What Are Most Common Co-Occurring Disorders?

We know that, on average, 1 in 4 adults experiencing a mental illness is also suffering from a different condition related to substance abuse. But which disorders are they most likely to experience simultaneously? Many of the most common paths that a dual diagnosis case takes to set in stem from the patient dealing with a mental health condition and using substances to self-medicate — which then leads to worsening mental health in a cyclical pattern. Here are a few examples:


Depression and generalized anxiety disorder (GAD) are extremely common, so people who suffer from these conditions feel like it’s “normal”, so they need to find ways to handle them other than seeking treatment.

Alcohol is one of the more common methods of self-medicating, which leads people struggling with these conditions to be at risk of developing a dependence on alcohol that can turn into an addiction.

Bipolar Disorder

People with unmedicated bipolar disorder can experience severe swings between manic (high-energy) and depressive (low-energy) episodes. This may lead them to seek substances that cause the opposite feeling to try and ease the effects of their condition.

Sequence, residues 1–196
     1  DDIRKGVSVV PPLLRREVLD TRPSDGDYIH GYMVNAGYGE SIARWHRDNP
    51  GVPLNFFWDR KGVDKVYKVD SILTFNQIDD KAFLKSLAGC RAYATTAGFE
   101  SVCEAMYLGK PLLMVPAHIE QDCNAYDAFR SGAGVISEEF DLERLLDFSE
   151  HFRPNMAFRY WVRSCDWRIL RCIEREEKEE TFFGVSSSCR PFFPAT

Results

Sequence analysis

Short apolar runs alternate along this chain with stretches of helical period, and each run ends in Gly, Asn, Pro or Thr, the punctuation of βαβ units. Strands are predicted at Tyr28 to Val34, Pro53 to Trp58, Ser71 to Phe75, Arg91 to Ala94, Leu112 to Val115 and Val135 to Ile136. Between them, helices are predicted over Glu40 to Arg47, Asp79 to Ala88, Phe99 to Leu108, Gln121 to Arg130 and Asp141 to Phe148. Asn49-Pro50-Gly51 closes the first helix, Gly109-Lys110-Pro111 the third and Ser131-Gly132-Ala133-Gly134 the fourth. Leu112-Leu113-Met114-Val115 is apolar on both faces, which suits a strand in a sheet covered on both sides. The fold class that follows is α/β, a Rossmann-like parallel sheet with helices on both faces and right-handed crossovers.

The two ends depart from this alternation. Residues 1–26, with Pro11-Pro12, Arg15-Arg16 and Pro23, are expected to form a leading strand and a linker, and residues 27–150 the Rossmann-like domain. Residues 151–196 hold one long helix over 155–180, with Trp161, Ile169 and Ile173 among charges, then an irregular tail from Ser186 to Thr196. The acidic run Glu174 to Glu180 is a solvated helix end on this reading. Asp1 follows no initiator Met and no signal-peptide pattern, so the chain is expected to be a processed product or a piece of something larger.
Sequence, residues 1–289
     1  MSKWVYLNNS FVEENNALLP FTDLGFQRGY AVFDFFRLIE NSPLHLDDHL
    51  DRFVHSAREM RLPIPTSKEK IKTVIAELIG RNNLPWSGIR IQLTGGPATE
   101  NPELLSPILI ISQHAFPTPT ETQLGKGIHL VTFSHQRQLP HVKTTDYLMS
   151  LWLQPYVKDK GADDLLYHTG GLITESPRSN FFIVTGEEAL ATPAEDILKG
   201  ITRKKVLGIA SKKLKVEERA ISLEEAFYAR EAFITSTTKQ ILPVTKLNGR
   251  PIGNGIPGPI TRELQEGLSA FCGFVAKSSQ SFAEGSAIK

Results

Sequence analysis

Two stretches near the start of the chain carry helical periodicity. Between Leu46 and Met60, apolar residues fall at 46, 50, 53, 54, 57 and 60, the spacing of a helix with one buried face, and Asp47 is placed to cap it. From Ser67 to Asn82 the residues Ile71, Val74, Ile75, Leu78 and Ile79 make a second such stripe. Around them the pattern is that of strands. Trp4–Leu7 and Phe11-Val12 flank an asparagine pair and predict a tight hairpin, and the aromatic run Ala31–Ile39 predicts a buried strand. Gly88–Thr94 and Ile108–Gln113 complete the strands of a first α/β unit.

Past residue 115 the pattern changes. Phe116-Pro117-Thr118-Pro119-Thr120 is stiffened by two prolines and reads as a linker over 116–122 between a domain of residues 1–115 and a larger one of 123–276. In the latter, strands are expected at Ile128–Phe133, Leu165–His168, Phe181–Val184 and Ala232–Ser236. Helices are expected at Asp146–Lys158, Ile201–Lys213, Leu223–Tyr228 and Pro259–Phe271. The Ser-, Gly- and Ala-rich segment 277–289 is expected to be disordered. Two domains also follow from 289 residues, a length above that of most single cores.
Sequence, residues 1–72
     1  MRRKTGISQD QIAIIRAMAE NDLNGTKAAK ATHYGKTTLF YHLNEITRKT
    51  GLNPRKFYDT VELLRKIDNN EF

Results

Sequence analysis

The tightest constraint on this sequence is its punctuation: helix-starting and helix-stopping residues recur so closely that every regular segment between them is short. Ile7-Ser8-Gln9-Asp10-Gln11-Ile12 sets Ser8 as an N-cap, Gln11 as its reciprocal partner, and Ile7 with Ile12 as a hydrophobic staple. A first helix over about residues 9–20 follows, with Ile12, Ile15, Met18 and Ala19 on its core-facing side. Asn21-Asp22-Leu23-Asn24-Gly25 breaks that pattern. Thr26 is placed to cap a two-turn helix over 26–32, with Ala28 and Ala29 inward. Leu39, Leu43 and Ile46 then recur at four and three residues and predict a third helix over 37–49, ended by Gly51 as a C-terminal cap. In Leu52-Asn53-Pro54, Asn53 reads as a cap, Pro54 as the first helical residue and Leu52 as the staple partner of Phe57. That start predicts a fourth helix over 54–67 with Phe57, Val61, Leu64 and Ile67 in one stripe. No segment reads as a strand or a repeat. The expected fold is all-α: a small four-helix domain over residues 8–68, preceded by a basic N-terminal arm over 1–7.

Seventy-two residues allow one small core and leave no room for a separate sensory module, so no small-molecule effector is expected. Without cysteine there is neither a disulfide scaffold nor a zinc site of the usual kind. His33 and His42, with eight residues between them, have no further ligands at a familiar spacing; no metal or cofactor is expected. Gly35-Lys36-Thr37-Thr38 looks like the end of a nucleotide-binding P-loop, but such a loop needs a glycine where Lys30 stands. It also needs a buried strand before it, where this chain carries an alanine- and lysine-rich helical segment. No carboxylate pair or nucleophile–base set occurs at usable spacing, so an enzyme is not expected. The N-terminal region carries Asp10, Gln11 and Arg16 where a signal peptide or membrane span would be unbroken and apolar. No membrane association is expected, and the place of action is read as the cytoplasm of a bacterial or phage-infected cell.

This may lead people who struggle with manic episodes more to develop issues controlling their use of alcohol or opioids, while those attempting to control their depressive swings may turn to prescription ADHD medications or amphetamines for relief.

Post-Traumatic Stress Disorder

PTSD is a lasting outcome of different types of trauma, and as a result, it can manifest in many ways. For example, people with PTSD may try to use drugs and alcohol to compensate for their struggles in key areas of their lives, which is the reason for the high rate of alcoholism in populations of people who have been exposed to trauma in their past.

Anxiety Treatment

Depression Treatment

Trauma Treatment

It is very common for people with a substance use disorder such as drug addiction or alcoholism to also suffer from a range of psychiatric or mood disorders, including:

These mental health issues in people with addiction are referred to as dual diagnosis or co-occurring disorders.

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Cognitive Behavioral Therapy